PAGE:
Aunty Vida shouts at the top of her voice, issuing instructions and commands at the house boys and girls. She is confident in her authority; you see, whatever she says goes. And she does not need to ask for anything twice as her voice thunders across the yard, often with some sense of urgency and haste, as well as some form of dramatic animated body language, as though her words alone can not be understood.
She commands with precision and expects results, whether it is of her children, Aadua and Nana, or her “adopted” children who she inherited from relatives who lacked enough to take care of them. I am one of these children.
“Alaba! Don’t forget to add the dawadawa to the stew!” “Finiba! Hold the mortar steadily and move fast before Moda pounds your hands instead of the plantain! You know how much chief likes his plantain fufu plain, without added fists please!” “Nana! Come on! What are all those muscles good for if you cannot chop firewood quickly?”
“But my back Ma!” cried Nana.
“Your back? Yeeeeee! Don’t disgrace me one day in your marriage bed. You know very well that pleasing a woman is much more work than chopping firewood! And Aadua! Aaduaaa!!! Where are you?”
Aadua. Lady Aadua. She is the only one of Auntie Vida’s children who went abroad for her higher education; to become a “Londonite”. She completed her Masters in Gender studies and has come back with a know-it-all attitude and talks and talks, or reads whilst the rest of us have work to do.
I honestly did not get her. What could white Western institutions teach this Ghanaian princess about being an empowered African woman?
As far as I was concerned, the only thing she learned was about nuanced quotidian hegemonic pedagogies and other fancy words inter alia. But I resented her. My blood began to boil from within me. I was mad at her because someway, somehow her years of coffee lattes and academic talk brought back a foolish girl who thought she was now emancipated from her traditional roles and hard work.
She thought by living under the guise of “book law” that she was more enlightened or empowered. But that delicate girl would not survive a week in this place without us. But all that aside, I was most furious with her for not recognising how powerful Auntie Vida was as a trader whose husband had no control over her money.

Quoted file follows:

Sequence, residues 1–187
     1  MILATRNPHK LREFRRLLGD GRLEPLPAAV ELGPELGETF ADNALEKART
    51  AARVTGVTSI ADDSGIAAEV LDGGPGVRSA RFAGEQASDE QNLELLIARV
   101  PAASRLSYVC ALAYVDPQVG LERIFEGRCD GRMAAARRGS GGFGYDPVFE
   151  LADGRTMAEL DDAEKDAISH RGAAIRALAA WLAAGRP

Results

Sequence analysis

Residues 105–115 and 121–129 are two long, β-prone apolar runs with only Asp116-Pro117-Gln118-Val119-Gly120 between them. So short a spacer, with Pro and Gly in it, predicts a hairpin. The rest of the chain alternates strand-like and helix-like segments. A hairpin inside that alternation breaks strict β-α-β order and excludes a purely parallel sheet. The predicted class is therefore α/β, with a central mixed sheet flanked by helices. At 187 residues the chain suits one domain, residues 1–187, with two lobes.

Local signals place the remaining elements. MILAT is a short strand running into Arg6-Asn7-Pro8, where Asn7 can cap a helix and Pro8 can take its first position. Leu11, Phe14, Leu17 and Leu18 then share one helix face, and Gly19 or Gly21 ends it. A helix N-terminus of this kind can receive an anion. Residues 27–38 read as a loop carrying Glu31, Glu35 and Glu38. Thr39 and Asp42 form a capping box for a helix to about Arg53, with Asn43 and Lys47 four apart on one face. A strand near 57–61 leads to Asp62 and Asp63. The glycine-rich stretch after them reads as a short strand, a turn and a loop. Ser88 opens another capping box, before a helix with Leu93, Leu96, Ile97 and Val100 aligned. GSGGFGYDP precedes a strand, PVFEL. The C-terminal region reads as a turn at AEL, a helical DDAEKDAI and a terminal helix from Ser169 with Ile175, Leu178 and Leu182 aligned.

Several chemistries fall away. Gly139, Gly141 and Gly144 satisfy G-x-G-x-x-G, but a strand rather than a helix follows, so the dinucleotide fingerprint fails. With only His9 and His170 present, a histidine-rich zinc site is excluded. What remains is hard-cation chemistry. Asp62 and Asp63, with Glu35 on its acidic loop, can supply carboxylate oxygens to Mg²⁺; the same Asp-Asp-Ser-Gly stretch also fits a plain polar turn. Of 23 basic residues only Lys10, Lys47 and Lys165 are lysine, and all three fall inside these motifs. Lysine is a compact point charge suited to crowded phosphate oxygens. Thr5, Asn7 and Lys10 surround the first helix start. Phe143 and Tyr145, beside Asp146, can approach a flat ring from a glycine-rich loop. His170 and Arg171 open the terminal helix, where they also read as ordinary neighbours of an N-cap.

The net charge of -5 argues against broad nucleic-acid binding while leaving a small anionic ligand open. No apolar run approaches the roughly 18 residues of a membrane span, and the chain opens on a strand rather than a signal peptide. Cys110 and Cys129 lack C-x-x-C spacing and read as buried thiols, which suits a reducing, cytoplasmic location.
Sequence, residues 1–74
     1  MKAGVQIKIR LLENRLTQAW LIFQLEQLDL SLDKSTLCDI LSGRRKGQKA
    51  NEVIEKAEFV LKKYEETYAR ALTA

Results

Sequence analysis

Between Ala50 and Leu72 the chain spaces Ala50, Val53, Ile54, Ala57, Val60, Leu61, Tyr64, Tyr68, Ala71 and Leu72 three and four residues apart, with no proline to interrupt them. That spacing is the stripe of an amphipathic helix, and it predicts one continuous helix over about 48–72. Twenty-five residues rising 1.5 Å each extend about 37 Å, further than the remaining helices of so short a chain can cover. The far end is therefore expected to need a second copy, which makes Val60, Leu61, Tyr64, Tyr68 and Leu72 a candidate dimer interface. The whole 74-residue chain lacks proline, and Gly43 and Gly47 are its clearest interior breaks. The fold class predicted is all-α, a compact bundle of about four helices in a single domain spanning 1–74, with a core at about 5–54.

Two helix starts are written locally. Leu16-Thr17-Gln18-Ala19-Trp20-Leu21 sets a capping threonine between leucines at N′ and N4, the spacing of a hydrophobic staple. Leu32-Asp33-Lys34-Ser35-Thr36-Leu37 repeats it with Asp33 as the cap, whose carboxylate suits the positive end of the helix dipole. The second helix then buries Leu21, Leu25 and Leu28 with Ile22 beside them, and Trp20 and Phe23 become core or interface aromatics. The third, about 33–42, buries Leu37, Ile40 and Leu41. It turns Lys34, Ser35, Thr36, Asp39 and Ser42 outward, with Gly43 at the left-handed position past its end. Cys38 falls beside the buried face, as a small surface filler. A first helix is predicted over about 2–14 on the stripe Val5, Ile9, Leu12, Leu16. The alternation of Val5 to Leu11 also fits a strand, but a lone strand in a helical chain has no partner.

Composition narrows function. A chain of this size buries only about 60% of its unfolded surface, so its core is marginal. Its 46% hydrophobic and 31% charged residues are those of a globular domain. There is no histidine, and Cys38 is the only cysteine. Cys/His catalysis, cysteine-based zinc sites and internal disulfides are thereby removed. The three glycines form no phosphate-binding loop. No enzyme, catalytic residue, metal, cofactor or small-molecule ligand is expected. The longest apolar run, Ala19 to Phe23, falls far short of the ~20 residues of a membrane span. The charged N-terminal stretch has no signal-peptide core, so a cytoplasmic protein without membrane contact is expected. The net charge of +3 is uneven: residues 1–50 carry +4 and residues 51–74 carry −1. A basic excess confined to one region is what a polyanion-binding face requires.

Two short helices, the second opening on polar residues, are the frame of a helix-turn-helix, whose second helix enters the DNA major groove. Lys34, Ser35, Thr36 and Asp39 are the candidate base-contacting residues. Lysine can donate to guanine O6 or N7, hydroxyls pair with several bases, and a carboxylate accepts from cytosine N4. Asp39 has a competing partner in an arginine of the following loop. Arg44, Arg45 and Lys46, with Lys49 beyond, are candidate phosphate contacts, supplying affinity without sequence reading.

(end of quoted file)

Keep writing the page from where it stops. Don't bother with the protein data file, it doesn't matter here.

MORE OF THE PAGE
How could she forget what her very culture has promoted for centuries? How, as educated, hard working women, we were all in charge of our own destinies? And I found myself hating her at times for forgetting exactly who she was and for ultimately abandoning our sisterhood. She thought her “book law” suddenly made her better than us, different, a little elevated and above us.
But I have never had the time or patience for anyone, especially a woman, who would not lift a finger and chip in to share the work we all have to participate in. And in not so many words, neither does Auntie Vida.
“Go way you Aadua! Do you think Yaa Asantewaa could have carried guns if not for her muscles from pounding fufu? There is nothing empowering about being a lazy woman! Come on! Fififififi fio (clear off) with your feminisms.
You have neither faught a war, nor chopped fire wood like the men. So unless you wish to render yourself completely useless to your own community you will wake up and realise it is not time for book law, it is time to cook jollof!” And so, being the only one at home who could cook jollof just the way the chief likes it, Aadua put her books down and began.
60 mls cooking oil
1 inch ginger
2 cloves garlic
1 tbsp tomato puree
1 x 400g can chopped tomatoes (or 4 large ripe tomatoes)
1 scotch bonnet pepper
1 vegetable stock cube
2 bay leaves
2 teaspoons of mixed herbs
2 cups of long grain rice (basmati or jasmine)
2 cups of boiling hot water
- Wash the rice then soak it in some boiled water until ready to use.
- In a large, heavy based pot, heat up the olive oil. Finely chop the onion, garlic and ginger. Add them to the oil and fry until golden brown. This will take 6 to 8 minutes.
- When the onions are golden brown, add the tomato puree followed by the canned tomatoes and allow to cook down into a sauce. Chop the scotch bonnet pepper and add it to the gravy.
- Crumble the vegetable stock cube into the gravy and stir. Add the bay leaves and herbs. Allow the sauce to simmer and cook on a medium heat for 10 to 15 minutes. Keep stirring to prevent burning.
- Once you notice oil droplets rise to the top of the sauce, strain the soaked rice and add it to the pot. Top up with 2 cups of boiling water, you may need to use less water or top up if the rice is still hard. Bring to the boil, stir, then allow to steam on a low heat.
- After about 7 to 9 minutes, when most of the moisture has been soaked up by the rice but it is still mildly soggy, cover it with parchment paper right above the rice followed by a lid and close tightly. This allows the steam to circulate, and the rice cooks under gentle pressure.
- After 5 minutes, you need to stir with a 2 prong fork to prevent the rice from mashing up. Cover the jollof and after a further 10 minutes, stir a couple of times just to make sure the heat is distributed evenly.
- Check if the rice has cooked. Serve with some oven roasted fish or chicken and a side of salad or coleslaw.